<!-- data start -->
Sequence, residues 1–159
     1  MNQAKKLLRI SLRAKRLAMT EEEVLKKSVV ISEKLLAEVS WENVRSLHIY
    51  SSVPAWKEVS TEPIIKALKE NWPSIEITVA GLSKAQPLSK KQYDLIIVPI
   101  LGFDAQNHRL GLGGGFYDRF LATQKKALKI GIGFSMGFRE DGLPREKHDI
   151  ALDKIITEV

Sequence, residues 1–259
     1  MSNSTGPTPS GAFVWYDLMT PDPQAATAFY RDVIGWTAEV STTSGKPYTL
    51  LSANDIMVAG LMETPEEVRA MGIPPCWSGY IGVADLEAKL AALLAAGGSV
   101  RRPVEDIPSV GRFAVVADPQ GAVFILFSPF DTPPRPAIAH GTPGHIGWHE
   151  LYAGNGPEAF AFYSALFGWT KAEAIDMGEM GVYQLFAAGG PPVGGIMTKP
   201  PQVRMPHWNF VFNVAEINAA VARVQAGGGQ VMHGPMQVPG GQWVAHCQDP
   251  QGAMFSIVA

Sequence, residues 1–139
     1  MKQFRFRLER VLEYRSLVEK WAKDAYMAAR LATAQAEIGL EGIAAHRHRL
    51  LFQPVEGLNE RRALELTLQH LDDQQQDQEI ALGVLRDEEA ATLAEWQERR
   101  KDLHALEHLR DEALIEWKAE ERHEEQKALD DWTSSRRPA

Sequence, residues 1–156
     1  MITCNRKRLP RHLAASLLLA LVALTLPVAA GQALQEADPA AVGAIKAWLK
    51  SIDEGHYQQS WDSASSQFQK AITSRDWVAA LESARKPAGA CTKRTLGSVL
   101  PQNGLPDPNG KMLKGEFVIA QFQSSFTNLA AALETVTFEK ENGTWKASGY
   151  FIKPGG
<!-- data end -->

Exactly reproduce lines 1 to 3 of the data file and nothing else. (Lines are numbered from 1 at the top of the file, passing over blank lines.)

Sequence, residues 1–159
     1  MNQAKKLLRI SLRAKRLAMT EEEVLKKSVV ISEKLLAEVS WENVRSLHIY
    51  SSVPAWKEVS TEPIIKALKE NWPSIEITVA GLSKAQPLSK KQYDLIIVPI